Political Risk Advisory Briefing: a growing geopolitical force?

Issues of unity and belonging dominate the political consciousness right now. These are expressed in the sense of Ukraine’s nationhood versus Russia’s desire to eradicate it, in the perhaps-to-be-expanded continental bodies of the EU and NATO, and the ‘global family’ that, still tackling the coronavirus pandemic together, could yet be plunged into a global conflict of an altogether different kind. While understandably there is much agitation over what Russia is doing, or could do, to both Ukraine and the wider world right now, the ‘long game’ can never be ignored and in an environment that can arguably never be post-Ukraine, understanding the strength of existing ties – and what new ones may be drawn – is more important than ever.
The received wisdom of the past thirty years is that, as its own counterweight to the military aura of NATO and the economic & trading might of the EU, Russia has sought to bolster its hard and soft power in its ‘backyard’ through the Eurasian Economic Union (additionally comprising Belarus, Kazakhstan, Kyrgyzstan and Armenia) in which it is predominant, and through which it can extend its regional political, economic and cultural goals in much the same manner as the USSR of old. This has certainly borne fruit, for instance in Belarus’ slavish adherence to the Russian line over the invasion of Ukraine (and the possibility that Minsk troops might yet get involved), or the Moscow military divisions that waded into Kazakhstan to ‘quell unrest’ earlier in 2022 which raised not so much as a flicker. But the EEU by itself will not be enough, either as a defensive measure to shore up the rapidly diminishing Russian support worldwide, or as a pro-active tool to seek out new opportunities.
The importance of being oil-rich
There are two fundamental facts that are key to understanding how and why Russia intends to reshape the world’s economy. Firstly, just how vital oil & gas are to her own. The immediate headline figure is that 45% of the federal budget revenue comes purely from these two sources, supplying 14% of the world’s total needs. The financial benefits to Russia are immense – not for nothing has Ukraine’s Zelensky stated that the total aid given to Ukraine thus far amounts to the same as given to Russia in just one day for oil & gas supplies. And while remarks by the German minister that Germans should lower their central heating by one degree to punish Putin might seem fatuous, it contains a kernel of truth in that any action to minimise or move away entirely from, reliance on Russian oil & gas will eventually hurt Putin.
And not only in the sense of equivocating a leader with his country and populace: the key energy firms (Rosneft, Lukoil, Gazprom etc) are all run by cronies who use and abuse their positions for vast amounts of laundering and corruption. Remove the cash cow of oil & gas and these opportunities become significantly fewer… and Putin of significantly less value to the elite. It was also after several countries announced their intent to divest from Russian resources completely, that Putin’s rhetoric moved up a notch to talk of nuclear weapons and ‘threatening the Russian motherland’. He is not actually wrong – losing the ability to marshal its oil & gas as a weapon (see Moldova, Estonia et al) is more of an existential threat than Russia would like to admit.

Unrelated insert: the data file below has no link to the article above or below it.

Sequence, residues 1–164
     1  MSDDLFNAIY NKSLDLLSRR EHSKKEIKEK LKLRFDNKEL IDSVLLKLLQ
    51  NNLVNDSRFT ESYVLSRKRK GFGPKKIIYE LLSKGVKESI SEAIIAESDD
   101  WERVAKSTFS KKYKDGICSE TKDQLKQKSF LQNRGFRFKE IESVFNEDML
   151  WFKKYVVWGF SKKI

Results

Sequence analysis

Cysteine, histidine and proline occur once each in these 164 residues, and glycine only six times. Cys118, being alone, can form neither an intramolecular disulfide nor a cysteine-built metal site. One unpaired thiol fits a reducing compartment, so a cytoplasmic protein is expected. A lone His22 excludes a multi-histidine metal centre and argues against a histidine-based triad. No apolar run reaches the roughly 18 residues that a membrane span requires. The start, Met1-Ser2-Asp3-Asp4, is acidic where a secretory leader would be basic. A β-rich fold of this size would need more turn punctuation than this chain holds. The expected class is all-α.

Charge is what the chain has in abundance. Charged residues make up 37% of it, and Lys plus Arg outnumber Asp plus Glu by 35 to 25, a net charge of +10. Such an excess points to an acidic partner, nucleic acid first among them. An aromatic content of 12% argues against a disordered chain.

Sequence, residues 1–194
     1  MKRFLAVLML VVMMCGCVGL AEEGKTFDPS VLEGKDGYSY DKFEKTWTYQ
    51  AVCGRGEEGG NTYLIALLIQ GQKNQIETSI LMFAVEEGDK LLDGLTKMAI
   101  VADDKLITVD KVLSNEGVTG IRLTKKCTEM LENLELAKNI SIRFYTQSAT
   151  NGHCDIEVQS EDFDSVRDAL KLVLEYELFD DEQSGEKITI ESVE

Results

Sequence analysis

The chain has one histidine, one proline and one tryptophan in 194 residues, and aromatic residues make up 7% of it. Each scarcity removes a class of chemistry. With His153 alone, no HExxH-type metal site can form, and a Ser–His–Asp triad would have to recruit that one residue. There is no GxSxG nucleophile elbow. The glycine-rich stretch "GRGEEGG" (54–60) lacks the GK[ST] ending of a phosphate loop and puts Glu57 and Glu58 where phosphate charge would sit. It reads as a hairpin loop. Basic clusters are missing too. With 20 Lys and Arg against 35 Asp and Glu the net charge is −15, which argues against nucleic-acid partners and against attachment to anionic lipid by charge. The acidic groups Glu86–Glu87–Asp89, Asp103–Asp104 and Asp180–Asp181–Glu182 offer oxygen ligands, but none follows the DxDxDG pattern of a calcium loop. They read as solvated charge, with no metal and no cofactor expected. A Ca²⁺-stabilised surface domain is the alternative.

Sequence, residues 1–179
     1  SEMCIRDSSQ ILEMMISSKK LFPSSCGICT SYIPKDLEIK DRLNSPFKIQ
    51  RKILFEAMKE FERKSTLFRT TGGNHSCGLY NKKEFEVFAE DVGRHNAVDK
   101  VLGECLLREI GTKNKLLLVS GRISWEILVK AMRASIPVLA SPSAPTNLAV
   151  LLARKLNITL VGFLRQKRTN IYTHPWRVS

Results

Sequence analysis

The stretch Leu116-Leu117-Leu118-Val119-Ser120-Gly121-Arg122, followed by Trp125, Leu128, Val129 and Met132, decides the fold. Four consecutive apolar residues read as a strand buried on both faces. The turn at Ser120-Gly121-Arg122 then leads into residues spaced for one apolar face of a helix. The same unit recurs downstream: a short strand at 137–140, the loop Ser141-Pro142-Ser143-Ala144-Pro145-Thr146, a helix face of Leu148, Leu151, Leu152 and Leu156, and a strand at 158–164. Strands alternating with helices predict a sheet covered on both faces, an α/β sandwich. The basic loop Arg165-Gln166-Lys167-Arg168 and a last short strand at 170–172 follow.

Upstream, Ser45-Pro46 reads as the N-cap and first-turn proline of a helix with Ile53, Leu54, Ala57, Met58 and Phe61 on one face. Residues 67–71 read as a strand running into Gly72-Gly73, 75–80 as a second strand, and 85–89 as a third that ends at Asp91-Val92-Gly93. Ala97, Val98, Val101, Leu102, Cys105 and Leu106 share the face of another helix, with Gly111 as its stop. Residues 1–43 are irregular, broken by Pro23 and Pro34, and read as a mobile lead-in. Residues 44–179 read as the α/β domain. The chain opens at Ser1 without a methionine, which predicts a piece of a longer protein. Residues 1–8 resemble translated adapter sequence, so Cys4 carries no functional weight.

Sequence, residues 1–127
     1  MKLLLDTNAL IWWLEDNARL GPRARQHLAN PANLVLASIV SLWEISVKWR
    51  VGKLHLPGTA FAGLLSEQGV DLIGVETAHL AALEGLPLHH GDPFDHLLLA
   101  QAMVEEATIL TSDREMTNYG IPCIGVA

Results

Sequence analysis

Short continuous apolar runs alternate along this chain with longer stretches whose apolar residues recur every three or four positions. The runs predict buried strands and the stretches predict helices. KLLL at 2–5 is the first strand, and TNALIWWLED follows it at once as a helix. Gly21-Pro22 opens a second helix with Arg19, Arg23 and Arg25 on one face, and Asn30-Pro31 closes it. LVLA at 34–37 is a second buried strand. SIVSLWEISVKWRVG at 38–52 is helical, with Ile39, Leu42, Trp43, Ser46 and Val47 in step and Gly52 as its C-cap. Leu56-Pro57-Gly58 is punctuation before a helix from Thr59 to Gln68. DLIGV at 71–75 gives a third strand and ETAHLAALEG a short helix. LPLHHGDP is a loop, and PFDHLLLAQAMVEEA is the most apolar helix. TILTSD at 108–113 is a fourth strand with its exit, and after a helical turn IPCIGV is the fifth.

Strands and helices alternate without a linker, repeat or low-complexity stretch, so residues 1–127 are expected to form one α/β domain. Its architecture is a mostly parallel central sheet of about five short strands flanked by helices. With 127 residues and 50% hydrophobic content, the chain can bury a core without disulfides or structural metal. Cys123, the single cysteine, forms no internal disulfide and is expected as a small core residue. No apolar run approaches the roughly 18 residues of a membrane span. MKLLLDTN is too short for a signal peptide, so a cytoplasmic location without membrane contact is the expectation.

And secondly, it cannot be underestimated just how badly Putin has miscalculated in international terms with the invasion. Not only the blind belief that Ukraine would welcome the Russian troops as saviours and liberators, but in his wider foreign policy goals. He thought that the ‘oil weapon’ would be enough to deter sanctions-led responses; instead, we have seen the most collective global response since World War Two. He thought that simply demanding various agreements of neutrality and de-militarisation would be enough to get them; instead, there is now the very real possibility of Sweden and Finland joining NATO in a volte-face to decades of entrenched non-alignment. Arguably therefore, there is significant onus on Putin as an individual to prove that he can recover from this calamitous state of affairs (the war and its consequences were, after all, entirely his doing). And if the old certainties have been ripped up, he needs to make some new ones. The way to do this is to return to the group of BRICS nations (Brazil, Russia, India, China, South Africa) and attempt to create the same unity here that the rest of the world is currently going through – only this time with Russia on top.
The bear and the dragon
Brazil, Russia, India, and China were the original BRIC nations: first cited as such in 2001 by Goldman Sachs as countries with emerging economies of particular note and which would play increasingly important roles in world trade. South Africa was added as the fifth member in 2011. The combined GDP of the quintet is $23.52tn USD and what began as an informal labelling by an investment bank, has developed into a loose association of nations with similar ideals and ambitions which presents an opportunity not only for Russia to bring the BRICS in line with its own intentions, but for the bloc as a whole to remodel the world’s economic and power balances.
China has long been Russia’s greatest ally, with the two having formed a powerful veto-fuelled block to Western aspirations on the UN Security Council since 1945 and often being of the same mind on rhetoric and measures to check the supposed Western encroachment into everything from the economic issue of sanctions to the political issue of the South China Sea. ‘Peaceful co-existence’ is the freely expressed goal of the unofficial alliance, with both Xi and Putin promoting their relationship as being ‘without limits’. The two would initially appear to be of one mind on all the major issues of the day: whether this is trade, which now sits at just under $150bn USD and the raw material-final product exchanges that ignore the USA, or the paranoia that everything done by the West in geopolitics is designed to contain Russian and Chinese supremacy. China has obligingly not voted against Russia in any of the Ukraine votes so far, and it has been rumoured that Xi asked Putin to delay the invasion until after the Beijing Winter Olympics had concluded. So far, so friendly.